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A Rant on Kirill Kabanov's Decision to Leave Twitter

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Peace signs or devil horns?  I guess that all depends...
Peace signs or devil horns? I guess that all depends...

Yesterday, Katie Strang of Newsday tweeted:

Katie Strang

Which was expanded in this Newsday article, stating:

Everyone's favorite tattoo enthusiast--Kirill Kabanov--was chumming around with fellow European prospect, defenseman Andrei Pedan, during testing. In between drills, he told me that 1) he is done with Twitter ("It's boring. I'm more of a Facebook guy") 2) he still needs to make some revisions on his newest neck tattoo (No. 17) and 3) his mom is really loving living with him on Long Island.

No other reason was given for him abandoning the medium, but it seems curious after last weekend, right?

I mean, a kid who just recently moved to Long Island, living with his mom...doesn't know too much about the area or many people his age? So he walks away from a big social media avenue that many current Isles and prospects use pretty often and is great for information and quick updates on pretty much anything you can imagine? 

Well, over this weekend, our future scapegoat did something that many millions of 18-year-old kids do. He said that he was bored. More specifically, it was a tweet (that since has been removed with his account) saying something to the effect of, "Why Long Island is so boring?"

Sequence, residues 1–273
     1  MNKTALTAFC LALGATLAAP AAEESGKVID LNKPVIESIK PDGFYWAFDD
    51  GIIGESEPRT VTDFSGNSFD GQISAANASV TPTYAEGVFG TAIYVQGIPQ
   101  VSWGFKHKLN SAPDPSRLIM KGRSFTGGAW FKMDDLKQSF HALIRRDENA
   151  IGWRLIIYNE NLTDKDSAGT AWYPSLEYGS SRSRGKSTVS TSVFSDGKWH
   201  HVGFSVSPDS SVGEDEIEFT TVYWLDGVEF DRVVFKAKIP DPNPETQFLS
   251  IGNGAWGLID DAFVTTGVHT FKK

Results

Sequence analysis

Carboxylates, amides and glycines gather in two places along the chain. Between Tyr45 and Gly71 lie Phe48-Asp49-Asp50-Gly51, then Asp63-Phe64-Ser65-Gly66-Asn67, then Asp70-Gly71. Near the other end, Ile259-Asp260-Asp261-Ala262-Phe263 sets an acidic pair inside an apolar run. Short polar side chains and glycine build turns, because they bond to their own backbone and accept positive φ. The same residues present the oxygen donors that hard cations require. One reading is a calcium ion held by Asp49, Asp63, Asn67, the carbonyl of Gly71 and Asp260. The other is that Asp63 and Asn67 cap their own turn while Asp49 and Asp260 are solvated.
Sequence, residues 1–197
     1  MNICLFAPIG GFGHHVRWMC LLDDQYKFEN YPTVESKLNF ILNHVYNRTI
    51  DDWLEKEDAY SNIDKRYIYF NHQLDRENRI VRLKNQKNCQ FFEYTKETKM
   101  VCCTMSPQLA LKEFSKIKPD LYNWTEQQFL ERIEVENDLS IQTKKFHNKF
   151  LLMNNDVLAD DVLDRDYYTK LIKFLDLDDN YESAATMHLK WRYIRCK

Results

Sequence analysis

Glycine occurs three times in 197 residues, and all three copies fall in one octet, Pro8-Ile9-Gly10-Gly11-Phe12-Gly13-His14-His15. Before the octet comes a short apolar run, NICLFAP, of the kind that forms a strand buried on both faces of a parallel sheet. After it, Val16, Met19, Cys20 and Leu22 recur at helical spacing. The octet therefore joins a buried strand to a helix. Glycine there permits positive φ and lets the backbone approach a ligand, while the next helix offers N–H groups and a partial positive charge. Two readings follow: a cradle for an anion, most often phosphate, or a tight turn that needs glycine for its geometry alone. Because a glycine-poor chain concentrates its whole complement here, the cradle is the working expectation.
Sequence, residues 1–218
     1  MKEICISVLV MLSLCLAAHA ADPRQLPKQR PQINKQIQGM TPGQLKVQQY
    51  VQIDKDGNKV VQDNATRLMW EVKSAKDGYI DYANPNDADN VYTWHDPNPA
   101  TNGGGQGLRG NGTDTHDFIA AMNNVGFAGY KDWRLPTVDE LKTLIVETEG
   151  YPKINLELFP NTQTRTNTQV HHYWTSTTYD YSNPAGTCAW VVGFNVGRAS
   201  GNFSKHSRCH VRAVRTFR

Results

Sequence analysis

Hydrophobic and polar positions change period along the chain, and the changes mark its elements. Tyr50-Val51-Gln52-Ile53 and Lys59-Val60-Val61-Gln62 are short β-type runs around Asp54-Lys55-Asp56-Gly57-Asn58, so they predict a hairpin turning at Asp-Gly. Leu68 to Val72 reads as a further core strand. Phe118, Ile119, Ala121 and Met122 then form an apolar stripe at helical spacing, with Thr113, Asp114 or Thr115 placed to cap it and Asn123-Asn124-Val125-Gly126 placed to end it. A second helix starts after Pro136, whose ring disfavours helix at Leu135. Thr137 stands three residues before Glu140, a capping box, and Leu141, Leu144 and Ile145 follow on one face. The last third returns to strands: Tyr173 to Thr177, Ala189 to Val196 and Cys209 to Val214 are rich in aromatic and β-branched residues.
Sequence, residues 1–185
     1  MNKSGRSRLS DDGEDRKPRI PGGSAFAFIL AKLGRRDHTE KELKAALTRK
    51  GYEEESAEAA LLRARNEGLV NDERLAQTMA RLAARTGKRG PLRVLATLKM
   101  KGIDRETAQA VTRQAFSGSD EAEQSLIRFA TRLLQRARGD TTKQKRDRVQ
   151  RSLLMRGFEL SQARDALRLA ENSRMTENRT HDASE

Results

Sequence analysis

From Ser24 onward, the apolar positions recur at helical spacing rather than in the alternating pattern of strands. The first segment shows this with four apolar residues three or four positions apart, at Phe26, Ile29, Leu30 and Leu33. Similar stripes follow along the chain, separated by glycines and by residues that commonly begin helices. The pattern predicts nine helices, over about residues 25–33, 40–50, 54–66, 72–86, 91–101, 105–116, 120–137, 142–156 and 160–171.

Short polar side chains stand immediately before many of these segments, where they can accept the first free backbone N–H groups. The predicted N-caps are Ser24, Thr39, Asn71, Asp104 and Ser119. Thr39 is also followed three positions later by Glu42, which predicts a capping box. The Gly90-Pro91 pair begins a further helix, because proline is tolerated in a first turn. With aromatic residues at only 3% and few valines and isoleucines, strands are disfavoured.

I believe the fallout from that statement is where this decision stems from. Almost immediately after that, Twitter went a little bananas...not that you'd know it now since just about everything has disappeared like Minitruth got at it. 

At least two well respected hockey writers (re)tweeted on the topic, only feeding the panic in the Twitter jungle. Brian Compton (tweet since removed) wanted fans to remember that Kirill is of course, "low risk/high reward." Dmitry Chesnokov's tweet just had a small sense of "uh-oh." [Note: Maybe these tweets have disappeared because they were retweets of Kabanov's original; I am still an admitted newbie and am not sure of this.] From the greater Twitter universe, there were also offers to sneak Kabanov into clubs and get him drunk (who knows how serious they were).

I wonder exactly what those expressing panic thought might happen? Perhaps Kirill would get on the horn with his dad and convince him to renegotiate his contract with Snow? Maybe he was going to....ahh, who the hell knows what they thought, but for God's sake, let's not treat the kid like he's some kind of recovering heroin addict who just got his hands on a stash, huh?   

The resulting influx of support was nearly as confusing and unbelievable, as many tried to give Kirill some good Long Island venues for low-danger activities like movies, miniature golf, and going to the beach.

Does he really need that? Are we starting to believe he does? I really hope this kid gets some benefit of the doubt, because those responses were from a lot of the people who cover or follow the Isles religiously. I guess even his supporters believe his character is somehow hopelessly impulsive and damaged.

All this about a finalist for the QMJHL Humanitarian Of The Year.

Teenagers, Dude